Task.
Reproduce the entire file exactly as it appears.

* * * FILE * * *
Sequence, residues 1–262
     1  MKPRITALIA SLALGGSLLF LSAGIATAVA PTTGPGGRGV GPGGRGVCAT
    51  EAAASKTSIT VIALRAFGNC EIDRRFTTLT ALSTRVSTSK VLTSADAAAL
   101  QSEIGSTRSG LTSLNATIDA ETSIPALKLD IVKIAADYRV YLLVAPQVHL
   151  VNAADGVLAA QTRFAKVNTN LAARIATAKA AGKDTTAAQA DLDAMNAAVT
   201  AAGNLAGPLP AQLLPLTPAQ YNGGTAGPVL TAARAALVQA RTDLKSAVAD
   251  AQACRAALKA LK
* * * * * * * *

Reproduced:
Sequence, residues 1–262
     1  MKPRITALIA SLALGGSLLF LSAGIATAVA PTTGPGGRGV GPGGRGVCAT
    51  EAAASKTSIT VIALRAFGNC EIDRRFTTLT ALSTRVSTSK VLTSADAAAL
   101  QSEIGSTRSG LTSLNATIDA ETSIPALKLD IVKIAADYRV YLLVAPQVHL
   151  VNAADGVLAA QTRFAKVNTN LAARIATAKA AGKDTTAAQA DLDAMNAAVT
   201  AAGNLAGPLP AQLLPLTPAQ YNGGTAGPVL TAARAALVQA RTDLKSAVAD
   251  AQACRAALKA LK